TORONTO - Don't expect to see just tabloid lovers and celebrity gossip hounds on the new pop culture-themed Canadian game show "Pop Quiz."
The half-hour series that premieres Monday on E! at 9 p.m. ET features "a real cross-section of Canada," say the on-air personalities.
"We get university students but we also get people who work in pharmaceutical sales," host Devon Soltendieck said in a recent interview from the show's Toronto studio.
"Stay-at-home moms, lawyers, teachers," added Emma Hunter, the show's judge. "All walks of life."
"Pop Quiz" airs weeknights and features a slick, circular tiered set with a vintage-style video camera in the middle, a giant screen displaying questions on the side, and a live studio audience.
Each episode begins with 10 contestants, who stand in the circle and wait as the vintage camera spins around and chooses which of them will answer a variety of questions related to pop culture of today and the past few decades.
The intensity increases as the questions get harder, the pace picks up and the contestants are whittled down over five rounds.
The last round is the Winner's Circle, in which the victor gets $5,000. Contestants can also win bonus prizes.
"When I was told the concept of the show, when Emma and I first started talking about it, we both were thinking, 'I can't believe this show has never been done before, that a show like this doesn't already exist,'" said Soltendieck, 28, a former Much VJ and CP24 reporter who now works for CTV's "eTalk."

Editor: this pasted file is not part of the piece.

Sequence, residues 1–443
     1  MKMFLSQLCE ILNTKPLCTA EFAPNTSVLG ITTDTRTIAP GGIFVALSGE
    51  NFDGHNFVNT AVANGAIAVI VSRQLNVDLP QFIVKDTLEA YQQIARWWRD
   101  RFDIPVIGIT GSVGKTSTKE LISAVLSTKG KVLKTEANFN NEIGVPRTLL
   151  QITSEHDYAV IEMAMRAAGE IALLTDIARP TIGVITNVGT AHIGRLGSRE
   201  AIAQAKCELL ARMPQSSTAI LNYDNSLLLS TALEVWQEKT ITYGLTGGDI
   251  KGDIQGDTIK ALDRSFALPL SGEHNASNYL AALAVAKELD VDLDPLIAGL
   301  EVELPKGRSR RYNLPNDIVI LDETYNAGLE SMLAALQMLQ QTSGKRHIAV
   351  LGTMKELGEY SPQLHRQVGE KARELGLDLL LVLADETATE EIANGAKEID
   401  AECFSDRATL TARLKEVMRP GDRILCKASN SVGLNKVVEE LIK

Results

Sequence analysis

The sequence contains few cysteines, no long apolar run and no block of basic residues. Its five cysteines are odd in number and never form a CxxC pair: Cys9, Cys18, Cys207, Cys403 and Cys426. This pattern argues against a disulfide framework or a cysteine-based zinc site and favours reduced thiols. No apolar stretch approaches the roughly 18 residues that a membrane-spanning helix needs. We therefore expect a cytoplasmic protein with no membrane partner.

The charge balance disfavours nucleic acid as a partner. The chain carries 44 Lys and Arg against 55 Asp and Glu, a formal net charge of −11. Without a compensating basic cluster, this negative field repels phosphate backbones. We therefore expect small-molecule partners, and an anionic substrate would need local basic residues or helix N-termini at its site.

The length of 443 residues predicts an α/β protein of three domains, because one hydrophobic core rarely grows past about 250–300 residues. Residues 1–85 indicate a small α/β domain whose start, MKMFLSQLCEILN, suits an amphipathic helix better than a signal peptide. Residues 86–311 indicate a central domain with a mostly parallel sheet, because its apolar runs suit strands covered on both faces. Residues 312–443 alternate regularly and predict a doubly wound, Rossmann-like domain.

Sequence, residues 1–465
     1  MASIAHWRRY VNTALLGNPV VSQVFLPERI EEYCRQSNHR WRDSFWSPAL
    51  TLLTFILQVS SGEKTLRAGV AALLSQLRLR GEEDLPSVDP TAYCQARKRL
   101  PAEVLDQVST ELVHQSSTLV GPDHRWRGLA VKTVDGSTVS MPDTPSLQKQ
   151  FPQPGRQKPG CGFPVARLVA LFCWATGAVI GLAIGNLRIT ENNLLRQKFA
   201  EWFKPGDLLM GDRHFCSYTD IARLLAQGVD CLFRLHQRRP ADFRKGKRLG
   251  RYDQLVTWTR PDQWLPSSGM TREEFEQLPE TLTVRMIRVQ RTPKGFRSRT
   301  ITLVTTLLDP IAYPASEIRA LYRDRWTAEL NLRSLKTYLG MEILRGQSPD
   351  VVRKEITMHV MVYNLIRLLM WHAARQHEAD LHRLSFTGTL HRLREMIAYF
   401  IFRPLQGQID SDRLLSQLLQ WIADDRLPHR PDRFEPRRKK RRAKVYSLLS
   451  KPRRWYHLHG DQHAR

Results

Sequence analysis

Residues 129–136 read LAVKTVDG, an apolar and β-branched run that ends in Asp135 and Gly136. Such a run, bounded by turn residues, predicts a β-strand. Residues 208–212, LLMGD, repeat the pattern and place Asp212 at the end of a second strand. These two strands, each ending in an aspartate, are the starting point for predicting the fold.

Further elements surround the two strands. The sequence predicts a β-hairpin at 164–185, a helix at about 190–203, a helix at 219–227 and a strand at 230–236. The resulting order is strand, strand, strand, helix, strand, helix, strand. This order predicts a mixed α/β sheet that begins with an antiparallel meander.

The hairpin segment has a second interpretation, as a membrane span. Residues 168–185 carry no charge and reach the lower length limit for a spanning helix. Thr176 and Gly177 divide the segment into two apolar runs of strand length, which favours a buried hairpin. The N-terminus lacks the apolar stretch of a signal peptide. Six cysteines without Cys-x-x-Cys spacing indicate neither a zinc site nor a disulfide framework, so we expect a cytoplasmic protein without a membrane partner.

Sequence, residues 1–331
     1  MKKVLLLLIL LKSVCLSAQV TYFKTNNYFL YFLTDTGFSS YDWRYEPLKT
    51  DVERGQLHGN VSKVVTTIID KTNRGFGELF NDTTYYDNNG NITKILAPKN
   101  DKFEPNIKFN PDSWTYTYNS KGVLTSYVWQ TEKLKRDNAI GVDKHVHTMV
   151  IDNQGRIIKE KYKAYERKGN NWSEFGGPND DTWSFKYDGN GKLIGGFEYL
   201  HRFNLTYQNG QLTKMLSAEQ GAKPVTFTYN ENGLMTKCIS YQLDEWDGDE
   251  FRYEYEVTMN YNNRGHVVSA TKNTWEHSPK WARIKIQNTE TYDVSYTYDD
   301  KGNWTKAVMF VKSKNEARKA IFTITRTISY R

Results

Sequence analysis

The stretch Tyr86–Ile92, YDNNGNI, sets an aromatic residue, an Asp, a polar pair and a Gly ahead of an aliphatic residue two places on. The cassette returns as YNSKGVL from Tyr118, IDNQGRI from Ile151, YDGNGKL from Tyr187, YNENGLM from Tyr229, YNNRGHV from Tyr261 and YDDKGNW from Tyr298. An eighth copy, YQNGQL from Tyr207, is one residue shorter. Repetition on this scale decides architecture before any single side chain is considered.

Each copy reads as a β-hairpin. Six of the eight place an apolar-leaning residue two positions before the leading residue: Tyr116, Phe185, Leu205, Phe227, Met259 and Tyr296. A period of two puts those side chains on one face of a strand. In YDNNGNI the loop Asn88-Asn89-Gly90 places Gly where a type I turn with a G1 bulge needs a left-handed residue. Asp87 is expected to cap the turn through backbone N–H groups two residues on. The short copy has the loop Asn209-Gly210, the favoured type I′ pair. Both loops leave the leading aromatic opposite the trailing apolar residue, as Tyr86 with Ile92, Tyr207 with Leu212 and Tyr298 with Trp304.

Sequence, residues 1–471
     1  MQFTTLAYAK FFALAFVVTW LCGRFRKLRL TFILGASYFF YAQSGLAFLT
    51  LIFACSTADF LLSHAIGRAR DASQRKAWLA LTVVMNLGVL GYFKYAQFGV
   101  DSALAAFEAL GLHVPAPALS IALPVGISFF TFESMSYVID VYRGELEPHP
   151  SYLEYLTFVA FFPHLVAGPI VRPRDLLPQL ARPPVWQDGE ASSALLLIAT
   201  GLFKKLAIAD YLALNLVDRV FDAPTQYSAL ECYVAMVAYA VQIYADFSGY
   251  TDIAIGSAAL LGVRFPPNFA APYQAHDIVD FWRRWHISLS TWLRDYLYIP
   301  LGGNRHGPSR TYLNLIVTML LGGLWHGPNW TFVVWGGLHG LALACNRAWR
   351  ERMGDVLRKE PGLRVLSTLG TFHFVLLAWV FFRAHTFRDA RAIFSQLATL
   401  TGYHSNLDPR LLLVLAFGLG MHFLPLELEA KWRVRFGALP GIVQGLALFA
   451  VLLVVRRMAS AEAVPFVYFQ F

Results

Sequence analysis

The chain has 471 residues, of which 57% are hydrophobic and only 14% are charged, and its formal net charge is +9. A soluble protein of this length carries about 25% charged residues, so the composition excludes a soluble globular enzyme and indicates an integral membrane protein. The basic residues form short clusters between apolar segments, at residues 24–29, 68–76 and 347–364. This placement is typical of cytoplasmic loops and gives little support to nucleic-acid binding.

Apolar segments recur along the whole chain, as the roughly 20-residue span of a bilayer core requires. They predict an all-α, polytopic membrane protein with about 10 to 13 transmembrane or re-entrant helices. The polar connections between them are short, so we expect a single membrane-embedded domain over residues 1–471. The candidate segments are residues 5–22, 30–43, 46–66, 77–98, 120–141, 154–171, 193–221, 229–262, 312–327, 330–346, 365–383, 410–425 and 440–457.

"Pop culture is so pervasive in our lives now, whether it's online, whether it's on TV, in the movies, everyday conversations people are having, news organizations are following pop culture more than they ever have before and it literally is news when celebrities do things.
"So the idea that a show like this never happened is pretty crazy to me."
Soltendieck and Hunter, who were friends before shooting, say their show is unique because the contestants get to meet and interact with them in the studio while the audience at home can participate and converse about the various pop culture references.
"I get so invested in it," said Hunter, an actress/comedian/writer who determines which answers are right and provides colour commentary from a podium in the corner of the set.
"The last couple of winners I fully cried, because you're with them so you're rooting for them and you want them to win. Five-grand can change a person's life. It's a big chunk of change."
The studio audience members are equally invested and sometimes have a hard time containing their excitement when they know an answer, added Hunter, who can also be seen on The Comedy Network's "Match Game."
"We had the other day a 'WHAT?' (from the audience), like the person was so flabbergasted: 'WHAT?' And then we've had some like, 'OH, no.' They can't help themselves and I love it. I just crack up."
"We've had some dancing, we've had some crying, and a lot of the crying is ammo crying," said Soltendieck, who is also sentimental about being on the show.
"I've always wanted to be a part of a show like this," he continued. "I've always wanted to host a game show. It's been a dream of mine for as long as I can remember. It's not the typical path a lot of people in television want to do.
"But I remember ... convincing my mom that I was sick so I could watch game shows in the morning."
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